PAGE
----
- Partners and spouses: Some couples may choose to have one person as the primary cardholder and one as an authorized user. This could be because one partner needs to improve their credit score, or wants to build up rewards on a work-specific credit card. One spouse might also have a higher credit score than the other and therefore qualify for a better credit card.
How to add an authorized user to your account
To add an authorized user, you’ll need to contact your credit card issuer. They typically ask for the personal information of the one you are adding such as their name, birth date and Social Security number. Once the process is finalized, you can request for the new user to receive a card of their own.
Can being an authorized user help your credit score?
Yes, being an authorized user can help your credit score if you’re still building credit. You’ll have a thin file if you’re just beginning your credit journey and don’t have much credit activity to report on. Most credit bureaus track any authorized user activity in their annual credit reports, where you’ll find your credit score.
Your credit history makes up 15 percent of your overall credit score. By piggybacking off of someone with established credit, you can bulk up your own report and earn a higher credit score. Though being an authorized user is most useful for people with limited credit history, it can also help those with a more detailed credit history in a few ways.
Credit bureaus also factor in the mix of credit you have, the average age of your credit accounts and your credit utilization (the ratio of available credit to the amount owed) into your credit score. Attaching yourself to a credit account without a late payment history can help boost each of these variables. Doing so and keeping up good credit practices can help your score increase in a timely manner.
How to build your credit score as an authorized user
As an authorized user, you likely haven’t had much experience in building credit. Since this is a big responsibility, you’ll want to make sure you’re putting your best foot forward. It should take around six months for an authorized user to begin building credit from scratch.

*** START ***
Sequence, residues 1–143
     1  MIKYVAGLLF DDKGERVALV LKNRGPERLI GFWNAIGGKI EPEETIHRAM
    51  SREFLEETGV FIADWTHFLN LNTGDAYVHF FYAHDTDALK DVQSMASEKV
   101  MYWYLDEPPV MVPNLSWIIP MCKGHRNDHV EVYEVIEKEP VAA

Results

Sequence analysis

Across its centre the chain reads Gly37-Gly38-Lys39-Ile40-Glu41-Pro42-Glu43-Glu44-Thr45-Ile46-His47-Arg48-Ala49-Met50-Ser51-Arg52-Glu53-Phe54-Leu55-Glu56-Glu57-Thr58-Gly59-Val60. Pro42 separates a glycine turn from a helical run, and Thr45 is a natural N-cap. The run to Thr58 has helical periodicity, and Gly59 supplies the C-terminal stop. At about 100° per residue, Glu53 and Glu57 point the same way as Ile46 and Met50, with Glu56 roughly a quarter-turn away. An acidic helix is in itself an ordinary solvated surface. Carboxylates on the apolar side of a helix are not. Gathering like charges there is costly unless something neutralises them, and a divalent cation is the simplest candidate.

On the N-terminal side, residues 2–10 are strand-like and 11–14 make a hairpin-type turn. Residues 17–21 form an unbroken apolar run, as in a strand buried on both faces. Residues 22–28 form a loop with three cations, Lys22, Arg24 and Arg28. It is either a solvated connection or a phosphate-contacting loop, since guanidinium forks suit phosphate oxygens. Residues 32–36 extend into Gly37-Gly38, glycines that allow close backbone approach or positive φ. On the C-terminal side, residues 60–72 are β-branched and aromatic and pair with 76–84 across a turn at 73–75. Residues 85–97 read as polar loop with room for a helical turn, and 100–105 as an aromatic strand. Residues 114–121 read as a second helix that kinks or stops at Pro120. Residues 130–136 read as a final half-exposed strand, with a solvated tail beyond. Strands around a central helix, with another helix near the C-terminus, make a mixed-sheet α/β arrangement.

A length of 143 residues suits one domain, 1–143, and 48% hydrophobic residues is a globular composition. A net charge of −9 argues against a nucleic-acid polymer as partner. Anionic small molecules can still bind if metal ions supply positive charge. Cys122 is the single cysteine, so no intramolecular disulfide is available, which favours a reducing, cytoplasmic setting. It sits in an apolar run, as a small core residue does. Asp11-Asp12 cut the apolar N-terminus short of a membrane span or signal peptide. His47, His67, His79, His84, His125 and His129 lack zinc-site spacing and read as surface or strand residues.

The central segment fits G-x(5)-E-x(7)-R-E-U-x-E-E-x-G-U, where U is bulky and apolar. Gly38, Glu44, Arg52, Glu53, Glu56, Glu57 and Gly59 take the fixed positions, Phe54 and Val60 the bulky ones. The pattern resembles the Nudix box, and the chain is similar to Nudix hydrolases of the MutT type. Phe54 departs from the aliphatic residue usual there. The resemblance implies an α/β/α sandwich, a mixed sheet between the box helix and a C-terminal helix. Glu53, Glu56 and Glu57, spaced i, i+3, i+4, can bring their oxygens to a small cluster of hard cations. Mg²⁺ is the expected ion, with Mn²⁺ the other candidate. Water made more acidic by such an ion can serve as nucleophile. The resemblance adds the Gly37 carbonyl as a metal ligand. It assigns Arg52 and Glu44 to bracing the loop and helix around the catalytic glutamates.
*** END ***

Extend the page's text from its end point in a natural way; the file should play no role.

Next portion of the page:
The following are a few rules of thumb you’ll want to follow to raise your score:
- Make sure you work with a reliable primary account holder. You want to make sure that the owner pays off at least the minimum amount required at the end of every billing period. Poor payment history on their part can hurt your credit since you are under their account.
- Keep your credit utilization low. As a first-time user, it may feel exciting to have a large number of funds available. You’ll have more freedom to continue spending, which can get dangerous, especially at a young age. Keep in mind that doing this can put the primary account holder in a compromised position. Aim to use only 30 percent of your overall credit limit, because using too much can hurt your credit score.
- Establish a credit mix. Having multiple lines of credit can build up your score immensely. This will show lenders that you’re capable of managing your credit and money. As an authorized user, you may want to consider also opening up different accounts of your own. Secured credit cards and college credit cards are both great ways to start building your credit mix.
How can authorized user benefits come in handy?
In addition to helping people with a thin file build up their credit score and increase their credit limit, adding an authorized user to a credit card account can be beneficial. A few of the most common authorized user benefits are:
1. Simplified business expenses
For small and medium businesses especially, adding employees as authorized users on the company credit card can be the easiest way to handle business travel and reimbursements. It’s much easier to give employees credit cards to use instead of processing reimbursements for work-related transactions.